Chapter & Verse is a series where JHU Press authors and editors discuss the literary landscape of poetry and prose, whether their own creative work or the literature of others.
Guest post by X. J. Kennedy
Most of my poems begin in bed. I’ll wake up in the morning with a line or a couple of lines rattling around in my mind—a fragment composed during sleep—like a beached stick of driftwood. If it rhymes or has rhythm or makes some odd observation, it looks promising and worth pursuing—like “How suddenly she roused my ardor, / That woman with wide-open car door.” That beginning, despite its outrageously far-out rhyme, led to a short poem, “Close Call.”
Writing in rhyme and meter holds at least one advantage. It enforces memory. In bed, I can tool a poem around on the screen of my brain-pan, revising and fussing with the lines as if I were sitting at a computer. As a rule, I can remember maybe eighteen, twenty lines before my head starts to slop over. Then I have to go set down those lines on paper before they disappear.
Sometimes I start writing a poem without the faintest notion of what I’m going to say. In fact, some of the best stuff began when I didn’t have an idea in my head, letting the rhymes lead me wherever they wanted to go. When I used to teach courses called “creative writing,” I would urge students, most of them free-versifiers, to write a poem in a rhyme scheme—a sonnet, maybe, or a villanelle. “I can’t stand rhyme,” they’d complain. “It won’t let me say what I want to say!” “Exactly,” I would counter. “It won’t let you use that bright little clever idea for a poem you’re so proud of. It wants you to say something better than that and surprise yourself.” As Robert Frost put it, “No surprise for the writer, no surprise for the reader.” I love the poem that, when I’m just going from rhyme to rhyme, sneaks up and surprises me. To be sure, this is a wasteful way to write. A lot of fragments lead only to dead ends. I save those fragments, keep them for a dry time when I can browse through them and see whether any will be reinspired and leap back to life.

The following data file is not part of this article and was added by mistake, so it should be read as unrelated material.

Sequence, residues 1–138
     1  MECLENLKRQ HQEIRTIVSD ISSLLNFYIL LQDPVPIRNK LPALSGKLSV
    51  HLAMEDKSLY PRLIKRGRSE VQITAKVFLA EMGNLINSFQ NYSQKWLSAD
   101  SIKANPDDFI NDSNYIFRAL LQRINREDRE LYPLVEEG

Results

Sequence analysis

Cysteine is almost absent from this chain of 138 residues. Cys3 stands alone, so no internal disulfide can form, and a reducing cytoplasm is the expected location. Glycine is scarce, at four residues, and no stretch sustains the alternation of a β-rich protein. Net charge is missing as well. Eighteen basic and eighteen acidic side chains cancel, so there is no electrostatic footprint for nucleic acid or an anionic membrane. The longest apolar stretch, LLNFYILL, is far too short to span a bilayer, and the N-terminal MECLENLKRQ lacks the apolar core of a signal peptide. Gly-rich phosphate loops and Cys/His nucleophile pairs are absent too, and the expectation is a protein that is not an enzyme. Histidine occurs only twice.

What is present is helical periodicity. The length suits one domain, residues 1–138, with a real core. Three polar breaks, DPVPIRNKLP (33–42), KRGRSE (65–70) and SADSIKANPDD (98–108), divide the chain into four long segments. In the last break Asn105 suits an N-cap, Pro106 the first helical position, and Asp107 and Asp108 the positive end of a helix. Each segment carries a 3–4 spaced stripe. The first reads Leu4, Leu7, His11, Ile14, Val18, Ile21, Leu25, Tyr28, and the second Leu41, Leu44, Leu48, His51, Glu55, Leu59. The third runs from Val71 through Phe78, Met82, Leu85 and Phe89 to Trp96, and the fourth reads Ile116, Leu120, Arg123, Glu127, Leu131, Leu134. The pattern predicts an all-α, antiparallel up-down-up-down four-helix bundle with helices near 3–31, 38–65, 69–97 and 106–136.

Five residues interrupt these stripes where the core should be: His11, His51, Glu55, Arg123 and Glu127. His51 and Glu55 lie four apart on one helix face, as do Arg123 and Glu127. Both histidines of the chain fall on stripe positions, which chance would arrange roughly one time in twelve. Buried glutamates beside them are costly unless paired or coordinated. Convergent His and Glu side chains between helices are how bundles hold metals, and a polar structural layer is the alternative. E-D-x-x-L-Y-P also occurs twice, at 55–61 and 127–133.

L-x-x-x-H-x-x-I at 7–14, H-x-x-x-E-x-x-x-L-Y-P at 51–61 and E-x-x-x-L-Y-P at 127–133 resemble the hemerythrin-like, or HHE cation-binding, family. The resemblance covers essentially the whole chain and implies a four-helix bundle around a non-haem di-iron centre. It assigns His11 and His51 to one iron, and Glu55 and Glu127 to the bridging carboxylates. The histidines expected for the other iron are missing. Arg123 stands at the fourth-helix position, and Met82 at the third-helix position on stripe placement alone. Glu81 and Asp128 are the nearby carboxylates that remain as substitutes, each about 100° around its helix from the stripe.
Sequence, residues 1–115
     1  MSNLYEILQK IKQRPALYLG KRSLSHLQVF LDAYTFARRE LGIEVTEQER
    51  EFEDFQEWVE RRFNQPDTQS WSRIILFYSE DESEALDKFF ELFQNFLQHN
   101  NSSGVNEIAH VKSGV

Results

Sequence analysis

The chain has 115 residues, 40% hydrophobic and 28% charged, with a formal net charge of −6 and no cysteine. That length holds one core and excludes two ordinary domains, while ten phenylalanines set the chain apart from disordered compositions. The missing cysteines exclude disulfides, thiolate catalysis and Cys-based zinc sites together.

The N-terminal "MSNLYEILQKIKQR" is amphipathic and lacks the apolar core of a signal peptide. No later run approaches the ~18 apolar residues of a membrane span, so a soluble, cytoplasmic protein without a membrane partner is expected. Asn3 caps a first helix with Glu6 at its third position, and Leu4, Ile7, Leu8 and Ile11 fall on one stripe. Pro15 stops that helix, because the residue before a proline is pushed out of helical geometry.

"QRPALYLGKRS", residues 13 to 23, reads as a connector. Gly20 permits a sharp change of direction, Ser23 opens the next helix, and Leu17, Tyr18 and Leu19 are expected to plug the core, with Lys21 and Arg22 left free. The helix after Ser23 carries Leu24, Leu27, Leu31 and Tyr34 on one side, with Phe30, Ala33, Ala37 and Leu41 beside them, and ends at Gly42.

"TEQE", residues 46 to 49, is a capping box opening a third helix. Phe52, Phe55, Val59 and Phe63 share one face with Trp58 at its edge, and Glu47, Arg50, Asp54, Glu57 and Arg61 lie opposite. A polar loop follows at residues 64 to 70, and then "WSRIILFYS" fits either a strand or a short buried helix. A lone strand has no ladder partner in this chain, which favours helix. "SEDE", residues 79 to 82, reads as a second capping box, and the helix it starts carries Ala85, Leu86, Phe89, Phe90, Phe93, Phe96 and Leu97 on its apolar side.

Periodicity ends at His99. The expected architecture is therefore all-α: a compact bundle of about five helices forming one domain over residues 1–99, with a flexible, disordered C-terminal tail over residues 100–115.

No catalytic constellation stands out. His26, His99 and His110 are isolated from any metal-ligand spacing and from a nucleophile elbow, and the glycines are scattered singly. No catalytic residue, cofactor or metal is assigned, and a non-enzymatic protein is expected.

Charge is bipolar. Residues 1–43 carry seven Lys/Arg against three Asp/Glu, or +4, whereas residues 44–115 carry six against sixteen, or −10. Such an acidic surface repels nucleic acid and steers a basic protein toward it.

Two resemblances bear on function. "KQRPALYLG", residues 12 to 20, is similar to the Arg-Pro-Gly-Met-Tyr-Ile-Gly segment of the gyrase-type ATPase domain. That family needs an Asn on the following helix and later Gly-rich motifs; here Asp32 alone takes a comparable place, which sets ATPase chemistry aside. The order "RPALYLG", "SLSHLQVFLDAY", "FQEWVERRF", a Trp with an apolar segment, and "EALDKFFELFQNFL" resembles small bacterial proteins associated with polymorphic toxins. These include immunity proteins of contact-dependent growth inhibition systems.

To tell you the truth, as I’ve grown older, that kind of beautiful unexpectedness doesn’t happen so often anymore. The trouble is that, still trying to write poems in my ninth decade, having been doing it since my second, I’ve become, not better at it, but more facile and in control. Nowadays I’m able to persuade a poem to say what I want it to. This method is unsurprising and less fun, but at least it lets me write something. Nowadays, the poems tend to start with an idea or subject—not a bright or clever idea, but one that rouses emotions in me. Lately I wrote about Lonesome George, a famous giant land turtle of the Galapagos, the last of his sub-species, whose custodians at the Darwin Research Station kept trying to persuade to reproduce. As a versifier writing for print in a digital age, I couldn’t help feeling that both George and I were facing extinction. So, impelled by this feeling of sympathy, I was able to coax the poem to say what I wanted it to.
As a rule, when hard up for a rhyme, I don’t rummage through a rhyming dictionary. The most natural rhymes are the easy ones that occur from saying the alphabet (A, ace; B, base; C, case . . . ). But on those rare occasions when I’m stumped and going nuts, I resort to a wonderful book, Willard R. Espy’s Words To Rhyme With
, much more than a rhyming dictionary in the examples of Espy’s light verse strewn through it. It also will suggest near-rhymes galore, which can’t be effective unless the sense of the poem you’re writing calls not for a clink but a clunk. (For poems that deliver such meaningful clunks, Emily Dickinson’s
are the great example.)
I try to get the poem right the first time, but it seldom turns out as good as it’s going to be. Revision for me is a process of correcting endless short-sightednesses and stupidities, and urging the words to sound as though they came out of a human mouth. I do a lot of revising, which sometimes continues even after a poem has seen print. I can sympathize with Yeats when he wrote a correspondent that he had a bunch of drafts on hand and faced months of nothing but revising—“What bliss!”
How suddenly she roused my ardor,
That woman with wide-open car door
Who with a certain languid Sapphic
Grace into brisk rush-hour traffic
Stepped casually. I tromped the brake,
Her lips shaped softly, “My mistake”—
Then for a moment as I glided
By, our glances coincided
And I drove off, whole ribcage filled
With joy at having not quite killed.
X. J. Kennedy's most recent Johns Hopkins University Press books are In a Prominent Bar in Secaucus: New and Selected Poems, 1955–2007 (a Notable Book of the American Library Association) and a translation of Guillaume Apollinaire's The Bestiary, or Procession of Orpheus. He has also written some widely adopted textbooks and twenty children's books. Kennedy lives in Lexington, Mass. For more information, visit his website.